The McFarland’s journey from popcorn people to helping other small businesses began several years ago when Mrs. McFarland offered Heirloom Coffee a place to set up shop, roasting coffee beans in various blends.  The company set up in the 500-square-feet back entrance store front – and found success, Mrs. McFarland notes. “They were here, with us, for 18 months and then moved to a larger facility.” Now, it is an even larger location, known as Creation Coffee,  5023 Eastman Ave, Midland

Smart House followed.  Its owners  roasted seeds to create soaps and lotions; however, the McFarland’s commercial kitchen – a huge bonus for some renters – was not necessary and Mrs. McFarland says the business now operates from a residence.

Belle’s Bakery spent one year with the McFarlands and found the kitchen critical to its operation.  It too, left after one year to locate at the former U.S. Coney & Cone, 601 S. Saginaw Rd. It is now a home-based ‘cakery’ offering custom cakes and confections.  

Next came Enjoy Bakery and it needed the commercial kitchen.  After about one year in the McFarland building, it moved next door, renovating  the former Lazeez International Indian Restaurant.  

Enjoy, like others, had its start at the Farmers Market.  “Mom and I started this business before the pandemic at the Market.  We made homemade cinnamon rolls, chocolate chips and such. We did that for  one year and then we began to think maybe we could do more.”

Dean Bard displays some of the pastries available at Enjoy Bakery, 144 Ashman Circle.
“We spent every time we were out looking for what was available – or might be.  We drove behind Circe Plaza and noticed that little, tiny space.  We called the McFarlands, looked at it – it was exactly what we needed and went from there, “ Kimberlee Owens recalls.  

“What prompted us to get a bigger location was  that we were expanding at a rate we could not expand our product line without more space.  Our staff was small, Mom, me and a couple others.  Sticking four to five people in a micro kitchen is not good. We opened the new location in November 2021.”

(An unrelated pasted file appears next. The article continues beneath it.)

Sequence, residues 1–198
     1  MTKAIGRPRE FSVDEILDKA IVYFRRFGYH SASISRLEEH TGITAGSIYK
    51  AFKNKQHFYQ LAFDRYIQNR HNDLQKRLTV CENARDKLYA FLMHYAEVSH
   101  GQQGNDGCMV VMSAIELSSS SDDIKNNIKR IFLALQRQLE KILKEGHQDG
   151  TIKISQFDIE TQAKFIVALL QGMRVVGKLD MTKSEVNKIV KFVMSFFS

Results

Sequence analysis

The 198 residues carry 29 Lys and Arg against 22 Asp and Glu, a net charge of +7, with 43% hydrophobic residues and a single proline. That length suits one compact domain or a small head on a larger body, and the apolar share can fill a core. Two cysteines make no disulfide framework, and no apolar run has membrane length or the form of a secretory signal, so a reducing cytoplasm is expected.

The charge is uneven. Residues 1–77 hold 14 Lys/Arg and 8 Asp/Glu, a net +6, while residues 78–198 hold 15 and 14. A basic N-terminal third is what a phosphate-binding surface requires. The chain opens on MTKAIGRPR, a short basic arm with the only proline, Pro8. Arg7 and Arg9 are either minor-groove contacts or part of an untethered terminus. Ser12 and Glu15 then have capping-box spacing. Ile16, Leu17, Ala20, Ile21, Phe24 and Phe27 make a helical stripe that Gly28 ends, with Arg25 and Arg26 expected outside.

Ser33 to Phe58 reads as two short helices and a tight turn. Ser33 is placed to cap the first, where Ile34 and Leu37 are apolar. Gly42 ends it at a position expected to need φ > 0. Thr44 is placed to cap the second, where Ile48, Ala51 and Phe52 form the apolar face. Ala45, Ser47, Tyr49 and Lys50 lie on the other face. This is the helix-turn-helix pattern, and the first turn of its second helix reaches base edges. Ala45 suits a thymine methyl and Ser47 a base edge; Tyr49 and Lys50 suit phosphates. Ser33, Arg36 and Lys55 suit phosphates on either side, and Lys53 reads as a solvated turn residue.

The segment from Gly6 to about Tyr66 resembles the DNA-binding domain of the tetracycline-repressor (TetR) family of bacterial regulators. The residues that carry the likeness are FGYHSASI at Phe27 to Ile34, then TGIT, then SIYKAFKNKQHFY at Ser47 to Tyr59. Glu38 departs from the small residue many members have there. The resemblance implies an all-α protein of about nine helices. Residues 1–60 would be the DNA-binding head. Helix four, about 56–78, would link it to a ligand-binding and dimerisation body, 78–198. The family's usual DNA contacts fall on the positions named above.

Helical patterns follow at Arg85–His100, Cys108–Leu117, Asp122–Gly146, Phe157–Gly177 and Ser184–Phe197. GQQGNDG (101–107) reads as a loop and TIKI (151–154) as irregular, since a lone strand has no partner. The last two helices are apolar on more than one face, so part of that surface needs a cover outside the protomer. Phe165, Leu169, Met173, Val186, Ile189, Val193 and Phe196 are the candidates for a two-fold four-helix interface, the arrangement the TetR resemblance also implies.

The “little, tiny space” is working great now for Astro-Snacks owners.  The front sales area and kitchen/workspace are about equally divided at 250 square feet each.  And it is a dream for Andrew Eaves who says he always wanted to open a candy shop.

The Eaves also began selling freeze-dried candies at the Farmers Market.  Things were good and another freeze-dry machine was purchased. But as all this was happening, Andrew was growing weary of his workload as an extrusion operator of medical grade tubing. 
Andrew Eaves checking almost “done” orange slices and grapes.
“Ninety percent of my time was spent working mandatory 12-hour shifts or on call, waiting to report to work.  It was overwhelming.  Stephanie and I were trying to raise a family.” The couple now has a four-year-old daughter and another child on the way.  Stephanie had worked at the registration desk at Covenant HealthCare in Saginaw.

Andrew Eaves quit his job last August and immediately got to work to expand his nascent business and still have a life at home.  He said the McFarlands reached out to him – and they signed on – the fifth business was to start in this “tiny space.”  Stephanie is modest about her role, “I’m just here for moral support,” she says, with a smile.

The freeze-dry machines the Eaves use are about the size of a vertical 12-bottle wine cooler. Inside are shelves, close together. Objects are carefully set on these shelves, not touching each other and the process begins.  It is not quick. Time-in-machine depends on how much moisture is in the item, for example:

Ice cream, cheesecake and lemon bars--24 hours.  

Produce – 29 to 90 hours:  String beans, broccoli, cauliflower, raspberries, strawberries, citrus, corn, carrots and peas – and more.

Candy – 4 to 12 hours.  These include Skittles (original and sour) Milk Duds, Charleston Chews (vanilla, chocolate and strawberry) – all told about 40 different candies.
A label on vacuum packs identifies key processing elements, including date of processing and on which machine.
Each Monday they shop for still good but on sale produce from local stores.  Some candies are purchased wholesale, others at retail price. Snack packs sell from $4-$6 when purchased at the store, larger sizes are also available.  Astro-Snacks are available at other venues in the  Midland Mall, Merrill and Saginaw (check website, above, for details).
 
The store opened on Feb. 2 this year, or 2-2-22, which is pretty cool, he says. And how are things going?  “We are happy and optimistic.  I am sure we will grow – it’s a matter of time,” he says.   

Pat McFarland is still almost giddy of what has happened since the initial search for a place to incubate.  “Of all the locations we looked at, and we looked at a lot, this is the best –  I love our little part of the Circle – it’s becoming a ‘confectioners alley.’’”

 

Read more articles by Ed Hutchison.

Journalism, teaching journalism and gardening are passions that continue to delight Ed Hutchison, a Midland native and resident for most of his life. He is the author of the book “Digging in the Dirt …Friendly Tips for the Gardener in All of Us” and hundreds of newspaper-published garden columns.   He has worked at The Saginaw News and  Dow Corning Corporation and taught at Delta College and Central Michigan University.